Avocets in the Estero Solado, Sonoran Desert
Avocets, Orog Nuur, The Gobi, July 2009


Animal herding is common in both places. In the Sonoran Desert, there are cattle and some horses. The cattle graze on their own, the horses get fodder. In the Gobi, there are domestic bactrian camels, goats and some horses. In the more arid areas, camels do the work of horses. All animals graze on their own unless there is a severe winter, then they are fed fodder.

Food growing occurs where there is enough water. In the Sonoran Desert, water comes from springs, groundwater and wells. The growing season is very short- July and maybe into August. In the Gobi, there are lakes in some areas, springs and wells. The growing season may be as long as from April to October, depending on rainfall.

Desert bighorn ram, Arizona-Sonoran Desert Museum, March 2010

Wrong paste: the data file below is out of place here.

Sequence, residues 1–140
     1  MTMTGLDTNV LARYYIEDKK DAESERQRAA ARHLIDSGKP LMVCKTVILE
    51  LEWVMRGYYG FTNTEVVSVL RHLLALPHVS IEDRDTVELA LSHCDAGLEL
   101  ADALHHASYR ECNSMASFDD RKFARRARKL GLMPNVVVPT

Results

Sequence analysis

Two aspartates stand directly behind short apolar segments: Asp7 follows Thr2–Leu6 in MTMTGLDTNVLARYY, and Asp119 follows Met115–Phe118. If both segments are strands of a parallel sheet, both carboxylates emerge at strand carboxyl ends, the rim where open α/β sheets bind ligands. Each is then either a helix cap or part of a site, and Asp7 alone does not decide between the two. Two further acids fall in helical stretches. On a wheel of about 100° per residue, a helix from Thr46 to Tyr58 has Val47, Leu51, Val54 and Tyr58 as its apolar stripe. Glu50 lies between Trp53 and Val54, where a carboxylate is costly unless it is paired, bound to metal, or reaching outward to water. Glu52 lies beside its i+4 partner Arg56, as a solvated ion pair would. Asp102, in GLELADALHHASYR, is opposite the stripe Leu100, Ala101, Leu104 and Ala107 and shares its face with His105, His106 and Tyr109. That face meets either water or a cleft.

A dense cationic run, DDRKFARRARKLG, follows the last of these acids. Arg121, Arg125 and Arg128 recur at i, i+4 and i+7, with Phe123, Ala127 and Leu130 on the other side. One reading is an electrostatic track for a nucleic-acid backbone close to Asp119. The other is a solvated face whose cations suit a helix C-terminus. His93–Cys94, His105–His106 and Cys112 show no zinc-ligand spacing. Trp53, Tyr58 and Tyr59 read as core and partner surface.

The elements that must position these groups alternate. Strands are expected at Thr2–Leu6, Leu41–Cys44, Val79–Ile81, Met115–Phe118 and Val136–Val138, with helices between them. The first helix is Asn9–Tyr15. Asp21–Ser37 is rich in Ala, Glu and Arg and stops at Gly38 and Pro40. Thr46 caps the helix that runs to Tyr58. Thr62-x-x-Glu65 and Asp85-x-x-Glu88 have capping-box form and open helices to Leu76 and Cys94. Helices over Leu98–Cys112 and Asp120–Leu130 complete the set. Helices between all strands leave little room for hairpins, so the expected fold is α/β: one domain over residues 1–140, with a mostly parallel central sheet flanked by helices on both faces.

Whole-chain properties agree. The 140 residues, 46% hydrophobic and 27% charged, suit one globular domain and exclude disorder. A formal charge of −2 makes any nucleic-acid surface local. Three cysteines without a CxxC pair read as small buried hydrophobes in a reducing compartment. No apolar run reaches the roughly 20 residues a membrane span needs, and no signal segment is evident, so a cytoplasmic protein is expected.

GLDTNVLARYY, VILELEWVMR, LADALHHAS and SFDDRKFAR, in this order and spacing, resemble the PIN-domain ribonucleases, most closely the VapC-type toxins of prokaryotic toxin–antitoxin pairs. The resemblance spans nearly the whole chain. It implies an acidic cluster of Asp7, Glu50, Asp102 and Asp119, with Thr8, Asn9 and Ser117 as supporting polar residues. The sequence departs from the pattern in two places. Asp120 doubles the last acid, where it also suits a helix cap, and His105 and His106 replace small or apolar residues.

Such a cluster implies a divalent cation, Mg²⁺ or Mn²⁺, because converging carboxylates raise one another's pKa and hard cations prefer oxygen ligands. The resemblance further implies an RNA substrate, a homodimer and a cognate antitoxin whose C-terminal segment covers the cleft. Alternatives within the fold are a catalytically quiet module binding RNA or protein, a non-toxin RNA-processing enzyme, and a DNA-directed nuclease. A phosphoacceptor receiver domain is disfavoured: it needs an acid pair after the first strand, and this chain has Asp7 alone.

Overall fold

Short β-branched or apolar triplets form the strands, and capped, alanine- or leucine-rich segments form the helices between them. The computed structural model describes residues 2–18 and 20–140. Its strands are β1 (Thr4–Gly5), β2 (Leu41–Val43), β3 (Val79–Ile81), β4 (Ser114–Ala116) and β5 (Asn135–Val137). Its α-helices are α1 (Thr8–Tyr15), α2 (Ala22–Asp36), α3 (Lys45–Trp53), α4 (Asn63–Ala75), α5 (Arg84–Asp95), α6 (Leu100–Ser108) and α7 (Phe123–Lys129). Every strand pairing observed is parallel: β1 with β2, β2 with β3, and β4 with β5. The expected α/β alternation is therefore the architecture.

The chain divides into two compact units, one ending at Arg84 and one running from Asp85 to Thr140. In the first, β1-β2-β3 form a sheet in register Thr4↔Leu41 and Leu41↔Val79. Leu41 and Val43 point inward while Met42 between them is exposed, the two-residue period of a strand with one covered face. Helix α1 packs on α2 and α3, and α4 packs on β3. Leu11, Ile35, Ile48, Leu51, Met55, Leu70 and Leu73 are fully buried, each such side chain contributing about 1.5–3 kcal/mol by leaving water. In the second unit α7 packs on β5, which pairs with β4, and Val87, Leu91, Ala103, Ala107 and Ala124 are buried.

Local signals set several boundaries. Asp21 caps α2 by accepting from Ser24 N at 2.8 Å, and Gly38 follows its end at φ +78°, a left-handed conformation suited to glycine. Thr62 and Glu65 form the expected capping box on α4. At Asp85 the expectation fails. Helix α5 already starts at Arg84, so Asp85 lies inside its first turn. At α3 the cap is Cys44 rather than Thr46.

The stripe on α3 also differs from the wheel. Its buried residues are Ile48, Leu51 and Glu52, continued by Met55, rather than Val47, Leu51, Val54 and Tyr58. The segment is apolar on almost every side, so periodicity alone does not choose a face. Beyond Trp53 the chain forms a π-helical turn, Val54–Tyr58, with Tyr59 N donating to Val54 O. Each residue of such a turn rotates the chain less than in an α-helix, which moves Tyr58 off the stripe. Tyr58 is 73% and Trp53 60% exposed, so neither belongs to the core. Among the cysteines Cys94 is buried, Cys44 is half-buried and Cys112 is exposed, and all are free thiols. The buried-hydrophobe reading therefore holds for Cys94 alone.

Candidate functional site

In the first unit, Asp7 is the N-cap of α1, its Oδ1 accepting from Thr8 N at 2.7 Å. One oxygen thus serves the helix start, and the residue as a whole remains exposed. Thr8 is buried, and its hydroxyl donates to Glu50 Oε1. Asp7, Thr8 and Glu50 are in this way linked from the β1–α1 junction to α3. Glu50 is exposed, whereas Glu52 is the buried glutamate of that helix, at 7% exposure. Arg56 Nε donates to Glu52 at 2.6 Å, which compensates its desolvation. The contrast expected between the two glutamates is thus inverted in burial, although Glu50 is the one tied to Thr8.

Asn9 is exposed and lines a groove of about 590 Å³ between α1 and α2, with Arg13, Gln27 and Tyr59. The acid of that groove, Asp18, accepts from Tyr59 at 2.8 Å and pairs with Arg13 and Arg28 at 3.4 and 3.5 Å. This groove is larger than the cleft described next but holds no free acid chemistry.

Argali ram, Ikh Nartiin Chuluu Nature Reserve, April 2005


SONORAN DESERT: 60 mammal species, including desert bighorn, jaguar, Mexican grey wolf, kangaroo rats, saiga antelope; 350 bird species, 15 which are endemic;  over 100 reptile and 20 amphibian species. Endangered mammals: jaguar, Sonoran desert pronghorn. Endangered birds: cactus ferruginous pigmy owl, southwestern willow flycatcher

THE GOBI: 40 mammal species, including argali sheep, snow leopards (Altai Mountains) grey wolf, jerboas, Sonoran pronghorn antelope; the only reasonably reliable count for bird species that I could find on the web is 240 (from the Juuchin Tours website) specifically for Gobi Gurvansaikhan National Park. 15 reptile and amphibian species. Endangered mammals: Gobi bear, wild bactrian camel. Endangered birds: lammergeier, houbara bustard

Sonoran desert tree that stores water in its trunk
Saxaul tree, which has wood so dense from slow growth that a branch, thrown in the water, will sink


SONORAN DESERT: 2000 species of plants; known for: saguaro cactus

THE GOBI: 410 species of plants; know for: saxaul trees

For my Mongol friends, a desert that meets the sea

So there you have it. What I found to be a useful and interesting comparison of two of the great deserts of the world.